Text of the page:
R. Kelly's fate is now in a jury's hands after weeks of lurid testimony in his sexual misconduct trial.
The panel of seven men and five women began deliberating racketeering and sex trafficking charges against the R&B superstar Friday afternoon, ending the day without reaching a verdict.
They are due back in court on Monday to resume their work.
A couple of hours into the deliberations, the jurors sent the judge a note asking to review a transcript of testimony and evidence regarding a woman who claimed Kelly sexually assaulted her in 2003 when she was a 21-year-old radio station intern. She testified she was kept locked up in a recording studio for days and drugged before the assault.
Prosecutors and defence lawyers finished their closing arguments this week. The 54-year-old singer is accused of running a Chicago-based criminal enterprise that recruited his accusers for unwanted sex and mental torment.
The witnesses said Kelly subjected them to perverse and sadistic whims when they were underage. He has denied any wrongdoing.
Kelly "believed the music, the fame and the celebrity meant he could do whatever he wanted," Assistant US Attorney Nadia Shihata said in federal court in Brooklyn in a fiery rebuttal to the defence's closing argument that portrayed Kelly as a victim of false accusations.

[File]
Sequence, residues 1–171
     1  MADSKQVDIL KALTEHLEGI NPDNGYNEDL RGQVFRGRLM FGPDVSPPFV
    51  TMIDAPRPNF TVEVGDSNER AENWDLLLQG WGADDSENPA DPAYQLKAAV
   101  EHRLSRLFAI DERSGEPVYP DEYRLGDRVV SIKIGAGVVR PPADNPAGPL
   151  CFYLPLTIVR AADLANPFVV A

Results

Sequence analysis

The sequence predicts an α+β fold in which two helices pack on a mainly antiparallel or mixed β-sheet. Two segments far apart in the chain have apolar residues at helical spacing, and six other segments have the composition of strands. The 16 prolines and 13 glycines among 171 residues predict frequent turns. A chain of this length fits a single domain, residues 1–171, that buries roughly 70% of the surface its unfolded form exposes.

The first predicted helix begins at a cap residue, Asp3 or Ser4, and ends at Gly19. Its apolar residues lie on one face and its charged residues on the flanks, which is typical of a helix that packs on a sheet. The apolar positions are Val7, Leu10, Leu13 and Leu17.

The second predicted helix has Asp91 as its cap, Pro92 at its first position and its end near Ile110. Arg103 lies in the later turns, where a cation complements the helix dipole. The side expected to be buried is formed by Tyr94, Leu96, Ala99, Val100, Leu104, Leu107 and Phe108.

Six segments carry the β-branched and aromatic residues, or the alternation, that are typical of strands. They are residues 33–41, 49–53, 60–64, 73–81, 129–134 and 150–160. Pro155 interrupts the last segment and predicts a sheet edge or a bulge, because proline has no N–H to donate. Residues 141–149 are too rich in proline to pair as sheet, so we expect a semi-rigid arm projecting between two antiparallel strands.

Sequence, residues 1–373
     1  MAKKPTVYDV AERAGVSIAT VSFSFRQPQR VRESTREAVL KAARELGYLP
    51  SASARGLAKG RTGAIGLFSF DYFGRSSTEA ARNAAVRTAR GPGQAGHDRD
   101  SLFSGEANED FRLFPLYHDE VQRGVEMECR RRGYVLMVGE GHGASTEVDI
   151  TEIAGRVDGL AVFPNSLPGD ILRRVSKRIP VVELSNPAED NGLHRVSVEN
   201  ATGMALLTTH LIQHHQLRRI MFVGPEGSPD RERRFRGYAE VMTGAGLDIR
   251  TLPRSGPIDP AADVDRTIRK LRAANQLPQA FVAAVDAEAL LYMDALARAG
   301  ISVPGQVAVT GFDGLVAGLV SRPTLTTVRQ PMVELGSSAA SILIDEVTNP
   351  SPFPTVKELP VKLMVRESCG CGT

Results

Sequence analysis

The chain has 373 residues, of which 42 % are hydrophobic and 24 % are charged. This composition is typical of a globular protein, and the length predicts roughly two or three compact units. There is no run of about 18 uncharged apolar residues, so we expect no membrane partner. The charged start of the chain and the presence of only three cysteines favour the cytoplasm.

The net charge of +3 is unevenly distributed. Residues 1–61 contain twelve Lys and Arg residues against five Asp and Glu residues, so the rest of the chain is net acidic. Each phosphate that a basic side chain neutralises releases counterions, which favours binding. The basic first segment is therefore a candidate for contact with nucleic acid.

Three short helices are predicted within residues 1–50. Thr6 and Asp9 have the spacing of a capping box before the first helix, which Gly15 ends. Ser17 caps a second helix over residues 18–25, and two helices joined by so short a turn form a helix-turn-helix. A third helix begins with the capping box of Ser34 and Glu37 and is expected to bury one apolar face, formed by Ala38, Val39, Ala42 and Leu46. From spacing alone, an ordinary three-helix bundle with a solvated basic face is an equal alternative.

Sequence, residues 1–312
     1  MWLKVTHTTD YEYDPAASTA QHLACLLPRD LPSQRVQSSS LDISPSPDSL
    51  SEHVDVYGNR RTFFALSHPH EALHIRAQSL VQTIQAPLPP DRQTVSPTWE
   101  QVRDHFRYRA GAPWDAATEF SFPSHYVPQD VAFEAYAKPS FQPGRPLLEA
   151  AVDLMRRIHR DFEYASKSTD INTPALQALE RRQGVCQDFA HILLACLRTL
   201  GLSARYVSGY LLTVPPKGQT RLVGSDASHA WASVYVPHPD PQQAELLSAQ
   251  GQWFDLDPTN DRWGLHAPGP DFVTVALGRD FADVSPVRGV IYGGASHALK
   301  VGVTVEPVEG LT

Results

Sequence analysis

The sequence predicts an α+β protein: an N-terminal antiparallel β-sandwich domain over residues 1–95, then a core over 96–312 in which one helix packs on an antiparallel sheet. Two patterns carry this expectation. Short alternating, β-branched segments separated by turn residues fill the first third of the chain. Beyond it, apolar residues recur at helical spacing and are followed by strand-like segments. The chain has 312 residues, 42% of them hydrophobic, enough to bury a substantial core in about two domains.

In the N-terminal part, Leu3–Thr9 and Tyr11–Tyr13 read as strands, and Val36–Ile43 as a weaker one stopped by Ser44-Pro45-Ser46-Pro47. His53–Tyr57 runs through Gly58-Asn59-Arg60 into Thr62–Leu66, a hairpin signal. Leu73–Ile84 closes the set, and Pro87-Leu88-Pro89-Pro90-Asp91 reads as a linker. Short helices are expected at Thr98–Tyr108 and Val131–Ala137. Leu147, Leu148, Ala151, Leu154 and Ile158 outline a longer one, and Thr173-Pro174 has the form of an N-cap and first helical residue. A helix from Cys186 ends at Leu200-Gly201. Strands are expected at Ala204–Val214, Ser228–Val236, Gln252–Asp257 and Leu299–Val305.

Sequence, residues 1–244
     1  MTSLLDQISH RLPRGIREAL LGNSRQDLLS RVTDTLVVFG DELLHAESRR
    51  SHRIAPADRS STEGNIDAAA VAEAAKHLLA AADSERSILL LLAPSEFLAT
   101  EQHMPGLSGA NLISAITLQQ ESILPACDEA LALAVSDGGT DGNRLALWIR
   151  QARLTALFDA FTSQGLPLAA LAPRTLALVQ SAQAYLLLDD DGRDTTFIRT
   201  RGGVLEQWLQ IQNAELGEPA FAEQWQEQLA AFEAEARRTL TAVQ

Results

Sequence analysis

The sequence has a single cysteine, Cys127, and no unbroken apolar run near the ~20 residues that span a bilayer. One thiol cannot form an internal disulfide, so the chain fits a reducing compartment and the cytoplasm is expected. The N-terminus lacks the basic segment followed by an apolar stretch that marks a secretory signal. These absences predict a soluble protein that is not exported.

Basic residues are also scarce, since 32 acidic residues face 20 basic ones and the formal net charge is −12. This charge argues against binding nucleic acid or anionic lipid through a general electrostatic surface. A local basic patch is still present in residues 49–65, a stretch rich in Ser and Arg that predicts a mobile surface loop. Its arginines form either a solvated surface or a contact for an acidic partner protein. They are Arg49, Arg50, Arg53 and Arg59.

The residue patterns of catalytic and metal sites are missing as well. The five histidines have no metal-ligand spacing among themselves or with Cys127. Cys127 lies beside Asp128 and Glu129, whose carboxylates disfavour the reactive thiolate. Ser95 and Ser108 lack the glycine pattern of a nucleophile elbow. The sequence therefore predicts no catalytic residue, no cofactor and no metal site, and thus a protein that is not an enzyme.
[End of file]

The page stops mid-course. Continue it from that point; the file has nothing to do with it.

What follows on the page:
But, she added, "He's not a genius, he's a criminal. A predator." She added that his alleged victims "aren't groupies or gold diggers. They're human beings."
Kelly, perhaps best known for the 1996 smash hit I Believe I Can Fly, has pleaded not guilty to racketeering charges accusing him of abusing women, girls and boys for more than two decades.
He is also charged with multiple violations of the Mann Act, which makes it illegal to transport anyone across state lines "for any immoral purpose."
Prosecutors say their evidence proves how Kelly, with the help of some loyal members of his entourage, used tactics from "the predator playbook" to sexually exploit his victims.
The tactics included isolating them in hotel rooms or his recording studio, subjecting them to degrading rules like making them call him "Daddy" and shooting video recordings - some seen by the jury at trial - of them having sex with him and others as a means to control them, prosecutors said.
In his closing, defence lawyer Deveraux Cannick told the jury that testimony by several accusers was full of lies, and that "the government let them lie".
Cannick argued there was no evidence Kelly's accusers were ever forced to do anything against their will. Instead, Cannick said, Kelly's girlfriends stuck around because he spoiled them with free air travel, shopping sprees and fancy dinners - treatment that belied the predator label.
"He gave them a lavish lifestyle," he said.
"That's not what a predator is supposed to do."
Australian Associated Press